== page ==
Part 1 of my review of Francis Parkman's THE JESUITS OF NORTH AMERICA. This volume covers the mid-17th century Jesuit efforts among the Huron and Algonquins amidst the Beaver Wars (Mourning Wars).
A fairly famous story of Lovecraft's "The Statement of Randolph Carter" builds to a shocking ending. Not the richest thematically, but a lot of fun to read.
Lovecraft's story "The Doom that Came to Sarnath" tells the story of a civilization that forgot its roots and paid the price. While Lovecraft is usually an advocate of forgetting, in this story he warns against it. The story is also a polemic against decadence and a celebration of grand architecture.
Final part of my review of THE PIONEERS OF NEW FRANCE IN NORTH AMERICA by Francis Parkman Jr. In this section we look at the career of Champlain and the other explorers who established Quebec. Next up, the Jesuits.
In this part of Parkman's THE PIONEERS OF NEW FRANCE we witness the massacre of the Floridan Huguenots and begin to survey the French explorations of North America in the St. Lawrence River.
In my review of "The White Ship" by H. P. Lovecraft I make a bold claim about what type of writer Lovecraft is. Beyond that, this is just a great "Dreamlands" story about the pitfalls of various utopias.
We start our look at FRANCE AND ENGLAND IN NORTH AMERICA with the first part of THE PIONEERS OF NEW FRANCE. This episodes focuses on his deception of the Huguenots in Florida.
Lovecraft wrote a great story called "The Transition of Juan Romero". It may be his best early depiction of ancient religions in a vast network. A must read for Lovecraft fans if you missed it.
The conclusion to my review of Francis Parkman Jr.'s THE CONSPIRACY OF PONTIAC. In the final section of this book we explore the consequences of Pontiac's revolt for the people of the American West.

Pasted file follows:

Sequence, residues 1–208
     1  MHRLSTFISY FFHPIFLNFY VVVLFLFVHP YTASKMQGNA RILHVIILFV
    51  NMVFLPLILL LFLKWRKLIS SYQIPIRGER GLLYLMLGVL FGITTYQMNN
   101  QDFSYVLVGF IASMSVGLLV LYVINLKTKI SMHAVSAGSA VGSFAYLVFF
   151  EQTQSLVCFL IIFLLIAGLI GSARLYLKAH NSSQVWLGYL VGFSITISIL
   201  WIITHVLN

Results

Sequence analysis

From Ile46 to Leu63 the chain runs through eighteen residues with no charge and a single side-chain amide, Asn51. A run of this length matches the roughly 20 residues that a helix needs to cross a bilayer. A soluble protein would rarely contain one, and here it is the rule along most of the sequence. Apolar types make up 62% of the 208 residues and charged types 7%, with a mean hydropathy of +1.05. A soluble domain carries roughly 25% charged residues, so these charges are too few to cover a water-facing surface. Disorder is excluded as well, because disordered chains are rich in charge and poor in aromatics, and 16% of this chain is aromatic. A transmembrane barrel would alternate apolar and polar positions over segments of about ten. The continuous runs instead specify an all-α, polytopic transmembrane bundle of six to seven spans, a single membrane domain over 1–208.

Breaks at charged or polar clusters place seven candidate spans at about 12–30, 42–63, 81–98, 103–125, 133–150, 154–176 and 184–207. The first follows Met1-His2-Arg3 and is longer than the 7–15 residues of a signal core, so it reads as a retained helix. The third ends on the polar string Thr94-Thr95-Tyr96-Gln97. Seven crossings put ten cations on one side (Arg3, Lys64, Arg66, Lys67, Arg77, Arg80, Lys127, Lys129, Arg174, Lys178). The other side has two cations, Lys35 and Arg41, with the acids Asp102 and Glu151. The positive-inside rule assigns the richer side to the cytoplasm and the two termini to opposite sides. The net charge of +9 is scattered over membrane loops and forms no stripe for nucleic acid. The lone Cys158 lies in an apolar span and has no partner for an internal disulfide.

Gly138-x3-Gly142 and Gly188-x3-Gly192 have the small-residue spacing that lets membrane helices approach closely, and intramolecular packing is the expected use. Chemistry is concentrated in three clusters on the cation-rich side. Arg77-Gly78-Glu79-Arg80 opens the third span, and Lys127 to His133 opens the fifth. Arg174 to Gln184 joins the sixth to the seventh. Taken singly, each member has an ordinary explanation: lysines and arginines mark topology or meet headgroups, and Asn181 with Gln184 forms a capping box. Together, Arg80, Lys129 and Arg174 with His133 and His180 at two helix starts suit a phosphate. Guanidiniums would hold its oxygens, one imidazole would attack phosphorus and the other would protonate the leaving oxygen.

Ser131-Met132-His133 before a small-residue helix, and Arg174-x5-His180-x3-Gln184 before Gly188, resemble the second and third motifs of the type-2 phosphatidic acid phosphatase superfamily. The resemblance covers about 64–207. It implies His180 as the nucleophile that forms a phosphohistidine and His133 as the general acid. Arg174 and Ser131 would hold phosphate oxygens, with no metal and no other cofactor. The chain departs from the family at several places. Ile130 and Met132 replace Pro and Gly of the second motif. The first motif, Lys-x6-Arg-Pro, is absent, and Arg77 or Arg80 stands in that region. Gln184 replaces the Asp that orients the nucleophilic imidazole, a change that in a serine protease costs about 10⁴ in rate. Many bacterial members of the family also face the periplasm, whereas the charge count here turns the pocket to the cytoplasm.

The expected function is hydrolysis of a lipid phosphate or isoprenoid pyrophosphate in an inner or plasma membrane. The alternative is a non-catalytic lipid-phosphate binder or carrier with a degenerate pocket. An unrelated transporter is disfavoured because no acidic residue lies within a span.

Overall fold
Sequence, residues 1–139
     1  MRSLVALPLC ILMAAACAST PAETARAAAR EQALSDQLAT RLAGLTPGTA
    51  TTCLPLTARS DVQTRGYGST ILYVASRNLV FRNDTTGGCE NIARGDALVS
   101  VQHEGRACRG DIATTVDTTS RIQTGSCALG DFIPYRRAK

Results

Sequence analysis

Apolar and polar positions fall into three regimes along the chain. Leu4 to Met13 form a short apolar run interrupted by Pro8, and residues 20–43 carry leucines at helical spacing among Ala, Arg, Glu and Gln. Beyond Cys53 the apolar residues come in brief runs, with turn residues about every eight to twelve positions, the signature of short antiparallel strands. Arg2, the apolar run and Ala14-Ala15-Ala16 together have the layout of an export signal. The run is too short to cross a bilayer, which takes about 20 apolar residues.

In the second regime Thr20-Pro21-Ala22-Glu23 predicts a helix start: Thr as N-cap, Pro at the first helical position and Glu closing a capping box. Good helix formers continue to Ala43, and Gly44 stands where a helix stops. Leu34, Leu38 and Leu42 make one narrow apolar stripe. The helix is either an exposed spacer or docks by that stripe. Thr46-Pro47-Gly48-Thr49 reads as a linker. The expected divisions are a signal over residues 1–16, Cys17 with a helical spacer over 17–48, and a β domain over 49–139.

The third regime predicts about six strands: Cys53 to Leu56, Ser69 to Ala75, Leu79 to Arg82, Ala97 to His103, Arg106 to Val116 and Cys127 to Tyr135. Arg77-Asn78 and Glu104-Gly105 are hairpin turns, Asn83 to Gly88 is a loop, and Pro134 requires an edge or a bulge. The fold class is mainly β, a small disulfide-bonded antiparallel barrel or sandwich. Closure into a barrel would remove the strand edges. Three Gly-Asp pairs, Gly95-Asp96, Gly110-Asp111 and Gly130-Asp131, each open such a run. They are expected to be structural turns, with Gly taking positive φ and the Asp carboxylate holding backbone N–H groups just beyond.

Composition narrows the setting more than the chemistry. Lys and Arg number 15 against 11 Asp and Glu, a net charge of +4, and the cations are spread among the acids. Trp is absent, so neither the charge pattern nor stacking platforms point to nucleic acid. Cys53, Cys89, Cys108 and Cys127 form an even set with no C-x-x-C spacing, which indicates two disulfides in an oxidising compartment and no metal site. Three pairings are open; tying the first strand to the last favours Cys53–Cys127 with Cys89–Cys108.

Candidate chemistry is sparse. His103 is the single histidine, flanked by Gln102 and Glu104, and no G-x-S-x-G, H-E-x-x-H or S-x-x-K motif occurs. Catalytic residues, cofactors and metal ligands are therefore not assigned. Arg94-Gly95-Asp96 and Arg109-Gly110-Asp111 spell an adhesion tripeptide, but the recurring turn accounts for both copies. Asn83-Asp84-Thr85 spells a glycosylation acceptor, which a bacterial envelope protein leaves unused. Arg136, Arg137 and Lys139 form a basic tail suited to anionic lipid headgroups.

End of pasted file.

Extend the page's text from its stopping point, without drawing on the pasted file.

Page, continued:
Lovecraft had some particular views on alcohol and drugs, which are reflective in this early (science fiction?) story of his, a morality tale about inheritance and social decline.
Part 4 of my review of THE CONSPIRACY OF PONTIAC by Francis Parkman. In this episode we look at the failure of the Indian cause, frontier violence, and the vigilantism of the Paxton Boys.
Lovecraft goes a little overboard on his descriptions of back-country folk in "Beyond the Wall of Sleep" but the story places him right in the middle of the eugenics conversation of his time.
In part three of my review of THE CONSPIRACY OF PONTIAC, I talk about Pontiac's plans, the role of cunning and deception in the early Indian victories, and the siege of Detroit.
In "Polaris" we get the first of Lovecraft's "Dreamland" stories and an allegory for the racial conflicts he saw as the primary vehicle of history. By taking a look at some of his World War I era writing, we can put this story in a broader context.
Part two of my review of THE CONSPIRACY OF PONTIAC by Francis Parkman Jr. Here I look at the causes of Pontiac's War as described by Parkman.
In episode 5 of the HP Lovecraft Book Club, we jump into Lovecraft's love for 18th century British culture by looking at his 1917 story "A Reminiscence of Dr. Samuel Johnson". Perhaps it is one most Lovecraft readers skip, but it is worth a few minutes of your time if you want to appreciate our author's worldview.